In Norfolk to say farewell to the USNS Comfort, Trump said “this great ship” was “a 70,000-ton message of hope and solidarity to the incredible people of New York, a place I know very well, a place I love.”

But the president added: “We will stop at nothing to protect the health of New Yorkers, and the health of people in our country.”

He also said any quarantine would “not apply to people such as truckers from outside the New York area. It won’t affect trade in any way.”

Cuomo also continued to weigh the need for ventilators in New York, which with more than 52,000 positive coronavirus tests has more known infections than any other state. Trump this week told Fox News: “I don’t believe you need 40,000 or 30,000 ventilators.”

At his Albany press conference, Cuomo held a “bag valve mask”, effectively a manual ventilator.

“This is the alternative if you don’t have the ventilators,” he said. “We are actually buying these. We bought about 3,000. We’ve ordered an additional 4,000 of these bag valve masks.

“We’re even talking about training national guard people to learn how to operate this device, which is relatively simple to operate but you need a lot of people to operate this 24-hours-a day for each patient.

“If we have to turn to this device on any large-scale basis that is not an acceptable situation. We’re planning for that worst-case scenario.”

The governor said Trump had approved temporary hospitals in the Bronx, Queens, Staten Island and Brooklyn. He also called for unified purchasing of medical supplies – either federally or a consortium among states.

US Army personnel sit apart at the Jacob K Javits Convention Center in New York City, which will be partially converted into a hospital.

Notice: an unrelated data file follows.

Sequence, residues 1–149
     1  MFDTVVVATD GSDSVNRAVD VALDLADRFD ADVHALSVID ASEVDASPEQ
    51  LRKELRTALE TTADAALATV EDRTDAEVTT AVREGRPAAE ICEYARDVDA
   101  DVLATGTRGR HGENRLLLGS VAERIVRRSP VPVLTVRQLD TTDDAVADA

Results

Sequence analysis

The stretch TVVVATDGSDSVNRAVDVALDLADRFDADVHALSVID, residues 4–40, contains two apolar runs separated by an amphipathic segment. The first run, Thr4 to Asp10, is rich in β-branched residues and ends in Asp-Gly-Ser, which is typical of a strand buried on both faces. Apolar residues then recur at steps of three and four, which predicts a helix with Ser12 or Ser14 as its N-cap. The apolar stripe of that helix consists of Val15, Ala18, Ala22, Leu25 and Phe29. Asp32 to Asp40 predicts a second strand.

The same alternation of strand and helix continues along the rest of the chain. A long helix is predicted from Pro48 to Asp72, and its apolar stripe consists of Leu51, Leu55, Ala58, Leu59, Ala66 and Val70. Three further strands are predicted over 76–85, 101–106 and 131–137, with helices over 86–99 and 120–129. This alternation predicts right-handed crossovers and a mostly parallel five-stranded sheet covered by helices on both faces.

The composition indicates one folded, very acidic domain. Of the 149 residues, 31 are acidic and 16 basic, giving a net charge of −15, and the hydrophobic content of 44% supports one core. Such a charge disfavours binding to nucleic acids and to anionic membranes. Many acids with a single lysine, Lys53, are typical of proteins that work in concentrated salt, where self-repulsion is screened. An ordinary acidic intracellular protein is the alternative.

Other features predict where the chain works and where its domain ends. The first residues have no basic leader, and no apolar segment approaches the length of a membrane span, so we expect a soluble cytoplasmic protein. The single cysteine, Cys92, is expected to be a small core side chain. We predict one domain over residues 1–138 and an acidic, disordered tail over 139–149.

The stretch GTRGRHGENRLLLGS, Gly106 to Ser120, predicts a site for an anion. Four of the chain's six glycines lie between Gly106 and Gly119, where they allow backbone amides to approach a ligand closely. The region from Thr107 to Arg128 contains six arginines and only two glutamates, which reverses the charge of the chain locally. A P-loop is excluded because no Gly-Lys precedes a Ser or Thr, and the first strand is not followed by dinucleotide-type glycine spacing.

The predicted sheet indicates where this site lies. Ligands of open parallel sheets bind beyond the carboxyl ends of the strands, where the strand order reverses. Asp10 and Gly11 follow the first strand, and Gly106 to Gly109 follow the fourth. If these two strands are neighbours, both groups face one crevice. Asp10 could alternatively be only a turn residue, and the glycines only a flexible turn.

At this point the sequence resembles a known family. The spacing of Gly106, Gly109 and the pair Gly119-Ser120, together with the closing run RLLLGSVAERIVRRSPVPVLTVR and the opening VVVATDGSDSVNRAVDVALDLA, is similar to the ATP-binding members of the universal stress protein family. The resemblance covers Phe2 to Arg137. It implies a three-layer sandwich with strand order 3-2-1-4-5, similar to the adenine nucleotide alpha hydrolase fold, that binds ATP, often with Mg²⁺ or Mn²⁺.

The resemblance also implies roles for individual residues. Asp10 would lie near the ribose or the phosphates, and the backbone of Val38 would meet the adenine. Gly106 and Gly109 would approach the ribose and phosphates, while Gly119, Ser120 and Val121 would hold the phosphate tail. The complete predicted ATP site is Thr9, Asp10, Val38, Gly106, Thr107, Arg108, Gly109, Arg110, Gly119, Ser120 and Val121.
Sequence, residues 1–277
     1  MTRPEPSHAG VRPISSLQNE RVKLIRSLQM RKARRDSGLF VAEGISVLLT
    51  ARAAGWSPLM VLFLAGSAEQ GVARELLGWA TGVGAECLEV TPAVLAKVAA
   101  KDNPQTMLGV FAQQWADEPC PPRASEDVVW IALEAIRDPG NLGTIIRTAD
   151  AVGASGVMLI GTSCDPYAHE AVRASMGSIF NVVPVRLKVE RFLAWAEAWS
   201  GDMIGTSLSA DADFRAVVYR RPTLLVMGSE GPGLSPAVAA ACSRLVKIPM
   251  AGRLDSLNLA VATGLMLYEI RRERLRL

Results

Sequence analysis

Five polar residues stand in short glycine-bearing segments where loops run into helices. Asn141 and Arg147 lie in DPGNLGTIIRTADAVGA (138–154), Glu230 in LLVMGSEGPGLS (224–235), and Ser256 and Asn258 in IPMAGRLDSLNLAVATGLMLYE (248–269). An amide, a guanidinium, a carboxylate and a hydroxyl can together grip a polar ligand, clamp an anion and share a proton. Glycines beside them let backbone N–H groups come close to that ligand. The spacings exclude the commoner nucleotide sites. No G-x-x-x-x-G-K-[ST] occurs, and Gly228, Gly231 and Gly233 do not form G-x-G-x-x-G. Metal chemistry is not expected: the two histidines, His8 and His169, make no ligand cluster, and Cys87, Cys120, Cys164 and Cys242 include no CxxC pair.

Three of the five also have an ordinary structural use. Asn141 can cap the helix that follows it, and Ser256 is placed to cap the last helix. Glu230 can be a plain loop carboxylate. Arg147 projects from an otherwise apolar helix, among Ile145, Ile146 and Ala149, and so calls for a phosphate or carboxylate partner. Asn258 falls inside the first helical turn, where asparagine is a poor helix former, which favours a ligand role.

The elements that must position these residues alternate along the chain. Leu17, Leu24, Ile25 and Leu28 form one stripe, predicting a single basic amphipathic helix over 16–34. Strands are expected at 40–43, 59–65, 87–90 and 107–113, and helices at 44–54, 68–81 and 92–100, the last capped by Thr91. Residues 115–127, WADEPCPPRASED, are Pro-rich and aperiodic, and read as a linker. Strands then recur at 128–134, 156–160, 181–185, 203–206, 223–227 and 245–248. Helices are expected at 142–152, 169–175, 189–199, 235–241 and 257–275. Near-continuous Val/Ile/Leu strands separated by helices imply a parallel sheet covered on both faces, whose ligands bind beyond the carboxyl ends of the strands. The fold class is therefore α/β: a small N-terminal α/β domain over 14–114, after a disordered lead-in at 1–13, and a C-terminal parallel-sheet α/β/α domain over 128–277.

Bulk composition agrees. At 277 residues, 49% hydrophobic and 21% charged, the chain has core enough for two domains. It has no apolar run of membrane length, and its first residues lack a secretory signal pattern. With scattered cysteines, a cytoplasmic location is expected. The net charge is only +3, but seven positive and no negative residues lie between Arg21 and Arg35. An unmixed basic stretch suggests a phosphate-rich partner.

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US Army personnel sit apart at the Jacob K Javits Convention Center in New York City, which will be partially converted into a hospital. Photograph: Jeenah Moon/Reuters

The USNS Comfort is expected in New York harbour on Monday as local medical centers face collapse. On Saturday there were reportedly nearly 27,000 known Covid-19 cases and 450 deaths in New York City. Cuomo said the state death toll had risen close to 800.

The ship is the second US navy vessel deployed to a city battling coronavirus: the USNS Mercy docked in Los Angeles on Friday.

On Twitter late on Friday, Trump continued to rail against Michigan governor Gretchen Whitmer, who reportedly claimed medical equipment suppliers were sending products to the federal government first.

“I love Michigan, one of the reasons we are doing such a GREAT job for them during this horrible Pandemic,” Trump wrote. “Yet your Governor, Gretchen ‘Half’ Whitmer is way in over her head, she doesn’t have a clue. Likes blaming everyone for her own ineptitude!”

On Saturday, Whitmer said in a tweet she had “a good call” with Vice-President Mike Pence.

“We’ll keep working around the clock with [the Federal Emergency Management Agency] and the White House to get more of the personal protective equipment we need to keep Michiganders safe,” she wrote. “Stay home. Stay safe. Save lives.”